As vendors continue to pack more servers into a smaller footprint, keeping a lid on power requirements -- and keeping server racks cool -- has become a huge challenge. And the lowly AC power supply remains the toughest part of the problem to solve.
A typical power supply, which converts AC power into the various DC voltages required by individual server components, has an efficiency range of just 65% to 85%, vendors say. Just one 1-kilowatt power supply may generate 300 watts of waste heat, and today's blade servers can consume more than 14 kilowatts per rack.
"That's bad," says Scott Tease, product marketing manager for eServer BladeCenter at IBM. "One, I paid for that electricity, and two, I've released the heat into the environment and I have to pay to air-condition it."
To make matters worse, AC power-supply efficiency drops with the utilization level. In servers with redundant power supplies, where the load is shared, best-case utilization levels are below 50%. As a result, power supplies in most servers tend to operate at the low end of the efficiency range, says Ken Baker, data center infrastructure technologist at Hewlett-Packard Co.
Some data center managers have responded by using DC-based power distribution systems, eliminating the need for AC power supplies for server racks. IBM and HP both offer servers that can accept bulk DC power from a centralized, telecommunications-grade -48-volt DC power distribution unit (PDU) and then step it down to the voltages required at the server level.
Rackable Systems Inc.'s products support both bulk power and an option that moves the AC/DC converter away from individual servers to the top of each rack, where heat can be vented into the air-handling system.
Milpitas, Calif.-based Rackable claims that its DC-powered servers reduce heat by up to 30%. HP makes more modest claims of 15% reduction, which can add up across many racks of servers, Baker says.
Data393 Holdings LLC has made the leap to DC-powered servers. The company, which operates a collocation center in Englewood, Colo., uses a DC power distribution system inherited from a previous tenant to power 140 servers from Rackable. Data393's DC power plant includes rectifiers that convert incoming AC power to DC and charge a bank of uninterruptible power supply batteries as well as its servers and network equipment.
Chris Leebelt, senior vice president at Data393, says the IT services provider chose DC-powered equipment because it needed to make the most of its available square footage and its ability to cool that space. While the power distribution system must still convert incoming power to DC, that conversion occurs outside the data center.
DC-powered systems from Rackable cost about the same as traditional AC-powered servers while allowing more servers in each rack, according to Leebelt.
DC rectifiers also have a mean time between failures of 7 million hours -- 70 times longer than AC power supplies, says Geoffrey Noer, senior director of product marketing at Rackable.
"Some of our largest customers host almost exclusively in DC-related environments," says Baker. But he also points out that most are telecommunications companies and hosted service providers. "The number is very small in corporate data centers," he says.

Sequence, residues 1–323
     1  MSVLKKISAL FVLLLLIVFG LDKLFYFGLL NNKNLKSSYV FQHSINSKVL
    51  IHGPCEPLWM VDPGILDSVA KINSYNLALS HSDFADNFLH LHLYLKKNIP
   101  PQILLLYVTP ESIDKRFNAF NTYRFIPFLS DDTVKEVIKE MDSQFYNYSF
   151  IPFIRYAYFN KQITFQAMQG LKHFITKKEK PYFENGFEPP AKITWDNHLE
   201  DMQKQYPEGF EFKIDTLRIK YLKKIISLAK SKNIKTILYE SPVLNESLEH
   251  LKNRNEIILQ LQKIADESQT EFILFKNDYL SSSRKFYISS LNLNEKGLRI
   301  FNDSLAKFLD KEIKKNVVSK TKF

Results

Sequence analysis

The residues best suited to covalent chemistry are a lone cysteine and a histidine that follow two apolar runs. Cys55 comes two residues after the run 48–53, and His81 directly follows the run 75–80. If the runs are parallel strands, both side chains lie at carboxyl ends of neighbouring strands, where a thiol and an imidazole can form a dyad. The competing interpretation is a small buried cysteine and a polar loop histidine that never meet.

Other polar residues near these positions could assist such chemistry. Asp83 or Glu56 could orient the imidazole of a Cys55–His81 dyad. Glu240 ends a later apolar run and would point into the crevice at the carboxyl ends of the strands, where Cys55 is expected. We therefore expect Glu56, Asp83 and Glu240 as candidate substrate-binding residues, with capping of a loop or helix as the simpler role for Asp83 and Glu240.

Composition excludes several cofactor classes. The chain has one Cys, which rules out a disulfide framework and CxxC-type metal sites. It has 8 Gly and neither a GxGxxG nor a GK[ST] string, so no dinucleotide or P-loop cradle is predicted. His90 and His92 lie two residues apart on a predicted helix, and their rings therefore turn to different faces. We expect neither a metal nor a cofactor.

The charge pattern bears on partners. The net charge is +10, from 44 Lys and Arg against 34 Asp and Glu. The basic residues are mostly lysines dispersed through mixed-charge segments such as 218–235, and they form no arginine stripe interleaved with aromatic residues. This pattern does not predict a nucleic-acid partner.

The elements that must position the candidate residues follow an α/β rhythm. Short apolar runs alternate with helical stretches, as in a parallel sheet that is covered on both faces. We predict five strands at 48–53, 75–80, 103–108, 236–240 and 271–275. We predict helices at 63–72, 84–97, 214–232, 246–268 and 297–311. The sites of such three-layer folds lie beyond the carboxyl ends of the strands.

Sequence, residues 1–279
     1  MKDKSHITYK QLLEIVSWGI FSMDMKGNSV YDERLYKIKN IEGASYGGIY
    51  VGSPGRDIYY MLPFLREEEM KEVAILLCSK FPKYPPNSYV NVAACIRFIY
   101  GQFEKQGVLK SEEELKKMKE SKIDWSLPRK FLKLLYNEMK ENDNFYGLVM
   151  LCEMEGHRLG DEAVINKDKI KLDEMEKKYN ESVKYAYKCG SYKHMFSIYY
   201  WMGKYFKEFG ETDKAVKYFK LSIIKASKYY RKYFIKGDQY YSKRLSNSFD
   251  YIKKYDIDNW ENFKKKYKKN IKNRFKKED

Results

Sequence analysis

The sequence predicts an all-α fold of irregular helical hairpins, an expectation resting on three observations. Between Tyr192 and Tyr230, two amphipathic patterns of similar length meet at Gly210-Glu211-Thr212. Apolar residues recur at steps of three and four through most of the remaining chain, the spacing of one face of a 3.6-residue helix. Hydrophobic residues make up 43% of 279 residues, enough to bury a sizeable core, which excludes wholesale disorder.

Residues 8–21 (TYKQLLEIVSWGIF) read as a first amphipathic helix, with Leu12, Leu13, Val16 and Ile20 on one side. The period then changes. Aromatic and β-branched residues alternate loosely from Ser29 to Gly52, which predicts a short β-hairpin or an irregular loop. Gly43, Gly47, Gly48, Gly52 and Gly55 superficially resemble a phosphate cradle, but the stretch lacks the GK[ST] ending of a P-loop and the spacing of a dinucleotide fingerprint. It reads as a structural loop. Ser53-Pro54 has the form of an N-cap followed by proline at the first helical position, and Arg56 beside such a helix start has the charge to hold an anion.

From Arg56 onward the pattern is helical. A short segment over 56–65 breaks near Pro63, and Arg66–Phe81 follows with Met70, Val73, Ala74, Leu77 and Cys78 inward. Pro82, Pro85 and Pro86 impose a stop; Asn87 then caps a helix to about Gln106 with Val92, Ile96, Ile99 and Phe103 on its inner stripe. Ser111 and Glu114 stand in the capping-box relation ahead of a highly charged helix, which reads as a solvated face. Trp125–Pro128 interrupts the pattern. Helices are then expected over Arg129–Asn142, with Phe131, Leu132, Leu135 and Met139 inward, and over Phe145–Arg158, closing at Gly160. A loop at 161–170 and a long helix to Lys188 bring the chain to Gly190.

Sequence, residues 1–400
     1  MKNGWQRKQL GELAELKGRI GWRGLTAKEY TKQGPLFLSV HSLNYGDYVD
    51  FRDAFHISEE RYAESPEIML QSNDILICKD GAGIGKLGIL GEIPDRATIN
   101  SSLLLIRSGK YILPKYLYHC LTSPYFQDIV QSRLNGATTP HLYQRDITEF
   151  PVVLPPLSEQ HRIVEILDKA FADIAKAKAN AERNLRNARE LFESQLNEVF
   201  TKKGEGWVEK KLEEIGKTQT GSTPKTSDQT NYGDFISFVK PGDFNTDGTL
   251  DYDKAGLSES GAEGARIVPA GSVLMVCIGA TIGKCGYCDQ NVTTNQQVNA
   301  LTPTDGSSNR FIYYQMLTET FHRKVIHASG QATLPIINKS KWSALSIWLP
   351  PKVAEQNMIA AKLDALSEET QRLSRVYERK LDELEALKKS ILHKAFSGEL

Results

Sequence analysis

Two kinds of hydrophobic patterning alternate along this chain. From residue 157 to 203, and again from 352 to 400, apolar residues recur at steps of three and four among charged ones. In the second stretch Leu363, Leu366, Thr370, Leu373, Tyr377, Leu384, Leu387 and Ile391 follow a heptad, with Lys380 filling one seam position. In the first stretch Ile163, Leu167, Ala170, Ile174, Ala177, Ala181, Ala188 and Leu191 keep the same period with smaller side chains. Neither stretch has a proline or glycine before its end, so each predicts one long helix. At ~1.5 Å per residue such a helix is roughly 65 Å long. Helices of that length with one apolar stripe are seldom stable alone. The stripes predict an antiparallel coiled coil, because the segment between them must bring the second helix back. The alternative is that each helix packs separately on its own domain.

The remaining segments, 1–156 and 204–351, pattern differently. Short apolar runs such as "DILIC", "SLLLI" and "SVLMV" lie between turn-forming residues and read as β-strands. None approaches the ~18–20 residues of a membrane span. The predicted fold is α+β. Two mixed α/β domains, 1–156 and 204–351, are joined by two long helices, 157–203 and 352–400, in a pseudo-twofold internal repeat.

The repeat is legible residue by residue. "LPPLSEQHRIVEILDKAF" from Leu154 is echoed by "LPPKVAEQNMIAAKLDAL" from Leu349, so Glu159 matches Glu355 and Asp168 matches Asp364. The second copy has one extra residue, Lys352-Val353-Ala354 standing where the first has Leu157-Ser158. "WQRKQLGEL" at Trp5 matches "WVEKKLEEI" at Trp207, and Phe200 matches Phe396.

So why don't more enterprise data centers use DC PDUs?
Tease claims that the relationship between utilization and efficiency issues is overstated, and IBM's BladeCenter power supply designs are 90% efficient. In contrast, the converters required to step down DC power are 93% efficient. "Unless the infrastructure is already in place, it just doesn't make sense," he says.
Baker says inertia and familiarity keep data centers on AC power, and the standards for AC are well established and understood. "It takes specialized talent to manage [DC] correctly," he says.
And because DC power has more resistance, the distribution system requires larger conductors. Neil Rasmussen, chief technical officer at American Power Conversion Corp., an UPS and data center rack system manufacturer in West Kingston, R.I., says that adds to infrastructure costs. "DC wiring at these power levels is too expensive and complex, requiring specialized contractors and design," he says.
But Baker and Rackable's Noer say the costs overall are about the same.
Baker says the adoption of DC as an alternative power source could become a trend, particularly in new data centers where such infrastructure choices are being made. "We have customers that have chosen native DC from the ground up," he says. But Baker adds that the lion's share of enterprise data centers will continue to center around AC power.
Meanwhile, IBM is focusing its power-saving efforts on areas such as the CPU, which accounts for 25% of the power budget in a BladeCenter, Tease says. IBM offers a 2.8-GHz Xeon DP processor that adds $200 to the cost of a dual-processor blade but cuts power from 103 watts to 55 watts.
Noer claims that ultimately, the combination of low-voltage parts and DC power will have the biggest payoff: It can cut power requirements by half.
Rasmussen isn't convinced. "If you need to cut the load 15%, just pull out 15% of the servers and put them somewhere else," he says.
But for Data393, floor space is limited. DC power has enabled Leebelt to fill server racks that would otherwise run too hot for his air-handling systems. "[Vendors] don't tell you that you can't load a full rack of blades because the heat coming off the racks can be very significant," he says.
DC power by itself can't solve the problem of increasing power density in server racks. But the option has provided enough relief to convince Leebelt to migrate Data393's remaining 600 servers. "We're doing consolidation work to get out of AC hardware," he says.